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Next-gen Smart EV shapes up for Australia

Sign of the times: The current-generation Smart ForTwo EV likely won't make it Down Under after all, but its successor due overseas in 2014 probably will.

Still not a lock, but 2014 new-gen Smart firms up as Mercedes Australia’s first EV

9 Oct 2013

MERCEDES-BENZ remains serious about introducing an electrified version of the Smart ForTwo to Australia as its first local EV, with a potential arrival on the cards for 2015.

The company has also proposed a method of government intervention that could cut the sticker price of EVs by around 12 per cent – making them exempt from duties paid by importers, as well as GST.

Benz first publicised its intention to dip a toe into the EV waters with an electric Smart as early as 2011. Mercedes has considered bringing around a dozen current-generation versions here initially as a test, but technical impediments with the European software acted as a stumbling block.

In the end, the proposed pilot launch of the circa-$30k Smart green machines never eventuated, meaning the focus is now understood to have shifted to the new-generation ForTwo due overseas next year.

That car, expected to debut in Europe (firstly in internal combustion guise) around mid-2014, is being co-developed with Renault as part of a widespread strategic alliance between the two companies.

Renault is a global EV leader, and will spin its next Twingo off the same rear-drive platform.

It is expected that shortly after this time, EV versions of both cars will emerge using batteries from Daimler and electric motors from Renault-Nissan.

It is this version that we understand is firmly on the radar for Australia. There likely remains some scope for Benz-badged EVs such as the B-Class Electric Drive revealed last year to come here at a later date, though Mercedes Australia has been less effusive about that car’s launch potential.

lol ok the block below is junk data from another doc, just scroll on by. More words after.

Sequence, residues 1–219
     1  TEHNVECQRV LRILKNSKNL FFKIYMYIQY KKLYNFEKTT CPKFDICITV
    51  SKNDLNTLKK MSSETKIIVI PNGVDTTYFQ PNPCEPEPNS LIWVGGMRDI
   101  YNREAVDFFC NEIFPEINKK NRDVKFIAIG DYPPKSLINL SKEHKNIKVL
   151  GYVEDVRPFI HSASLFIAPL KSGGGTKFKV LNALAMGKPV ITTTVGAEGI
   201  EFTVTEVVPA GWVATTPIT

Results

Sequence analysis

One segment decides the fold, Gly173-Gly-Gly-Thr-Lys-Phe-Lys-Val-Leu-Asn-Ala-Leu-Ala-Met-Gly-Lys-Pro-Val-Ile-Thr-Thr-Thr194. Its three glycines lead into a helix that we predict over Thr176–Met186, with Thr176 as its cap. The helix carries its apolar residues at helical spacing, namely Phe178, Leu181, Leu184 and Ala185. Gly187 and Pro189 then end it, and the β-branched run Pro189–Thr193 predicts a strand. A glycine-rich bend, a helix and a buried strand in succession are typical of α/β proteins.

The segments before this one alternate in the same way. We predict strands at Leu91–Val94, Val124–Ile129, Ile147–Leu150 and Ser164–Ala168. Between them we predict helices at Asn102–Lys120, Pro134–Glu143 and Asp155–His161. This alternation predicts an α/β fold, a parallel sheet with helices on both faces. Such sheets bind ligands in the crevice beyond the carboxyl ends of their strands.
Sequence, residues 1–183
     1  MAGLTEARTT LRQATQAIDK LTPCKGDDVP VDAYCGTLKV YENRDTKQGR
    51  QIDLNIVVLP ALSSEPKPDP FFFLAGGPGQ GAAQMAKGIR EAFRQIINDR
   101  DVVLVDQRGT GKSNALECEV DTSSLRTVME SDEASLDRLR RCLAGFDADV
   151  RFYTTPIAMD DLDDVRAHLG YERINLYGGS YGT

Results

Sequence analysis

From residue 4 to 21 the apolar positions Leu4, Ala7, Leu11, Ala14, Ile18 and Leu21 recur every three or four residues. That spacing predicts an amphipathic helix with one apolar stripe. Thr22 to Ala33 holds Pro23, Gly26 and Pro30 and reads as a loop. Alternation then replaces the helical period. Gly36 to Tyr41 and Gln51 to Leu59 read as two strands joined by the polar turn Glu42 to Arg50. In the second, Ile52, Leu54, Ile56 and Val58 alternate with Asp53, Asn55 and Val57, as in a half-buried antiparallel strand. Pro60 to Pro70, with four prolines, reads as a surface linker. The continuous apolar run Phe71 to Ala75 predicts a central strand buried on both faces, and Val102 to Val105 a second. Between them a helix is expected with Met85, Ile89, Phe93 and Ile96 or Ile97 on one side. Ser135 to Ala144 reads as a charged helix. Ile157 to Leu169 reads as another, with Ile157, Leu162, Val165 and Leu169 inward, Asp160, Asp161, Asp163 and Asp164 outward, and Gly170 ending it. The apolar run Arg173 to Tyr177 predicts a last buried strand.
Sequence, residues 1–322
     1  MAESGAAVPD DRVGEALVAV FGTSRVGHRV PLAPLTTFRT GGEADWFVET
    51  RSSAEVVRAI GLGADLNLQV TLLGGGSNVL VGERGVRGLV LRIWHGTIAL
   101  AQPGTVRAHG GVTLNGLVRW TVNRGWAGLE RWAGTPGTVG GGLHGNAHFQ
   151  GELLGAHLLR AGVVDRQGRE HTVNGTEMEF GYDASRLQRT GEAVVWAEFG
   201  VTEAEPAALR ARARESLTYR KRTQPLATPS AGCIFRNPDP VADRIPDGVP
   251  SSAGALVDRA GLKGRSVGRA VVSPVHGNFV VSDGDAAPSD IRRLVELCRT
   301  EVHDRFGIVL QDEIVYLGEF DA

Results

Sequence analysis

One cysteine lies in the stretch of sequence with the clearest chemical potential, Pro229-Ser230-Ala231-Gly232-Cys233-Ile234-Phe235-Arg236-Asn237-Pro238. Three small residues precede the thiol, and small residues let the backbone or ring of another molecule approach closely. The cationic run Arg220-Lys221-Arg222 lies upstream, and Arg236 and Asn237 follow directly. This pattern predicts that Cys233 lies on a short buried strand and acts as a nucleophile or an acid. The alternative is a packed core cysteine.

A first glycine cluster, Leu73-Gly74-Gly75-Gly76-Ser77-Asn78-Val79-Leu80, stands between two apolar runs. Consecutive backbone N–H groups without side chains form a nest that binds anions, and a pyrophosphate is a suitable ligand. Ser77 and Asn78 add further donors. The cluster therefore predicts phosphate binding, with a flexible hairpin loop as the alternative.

While the local EV market remains tiny, with the Nissan Leaf and the plug-in Holden Volt the only vehicles currently on offer, Benz’s chief German rivals BMW and Audi both have plans to introduce alternate fuel cars of their own to the local market in the near future.

BMW will commence sales of the i3 pure EV and range-extender from the first half of 2014, while Audi will launch the plug-in A3 e-tron petrol-electric car here from 2015. Such a move from these two brands could well act as another stimulus for Mercedes.

Speaking with GoAuto this week, Mercedes-Benz Australia/Pacific managing director (car group) Horst von Sanden said specific launch details for the Smart EV were undecided, but re-affirmed the brand’s interest in the car.

“We’re certainly talking about the electric smart at some point in time,” he said. “The new-generation, (though we) haven’t finalised timing.

“It’s on our to do list, and we’ll look into it in detail, and at what time we could get it.” Mr von Sanden said both green-oriented fleets – business and public – would be on the radar for the car, as well as early private adopters.

However, while the case for EV is firming up, Mr von Sanden said it was important for the company to continue with a multi-pronged approach to powertrains.

“I think our company is really looking at all different technologies, and I think sometimes people see it a little to simplistically,” he said. “Believing only one or the other is the solution to everything, I think must be broader.

“We’re talking about diesel technology, hybrid solutions, electric cars, hydrogen fuel cell. I think each of those technologies might have some future in some applications, but there’s not the one answer.” One global Mercedes technology not on the radar for Australia is hydrogen power – at least, not until local filling infrastructure appears. Benz has previously trialled a fuel-cell B-Class. A global tour of the cars – named F-Cell – even included Australia in March 2011.

However, Mr McCarthy said there was no plan on the horizon to launch a hydrogen car here any time soon, even on a pilot or trial basis.

Referring to the mooted Smart EV launch, Mercedes-Benz Australia/Pacific senior manager corporate communications David McCarthy floated an idea to cut the cost of such vehicles in showrooms that moves past the direct subsidies offered in Europe and California.

Mr McCarthy proposed the government make EVs exempt from duties paid by importers, as well as GST, which he says would cut around 12 per cent from the sticker price straight away.

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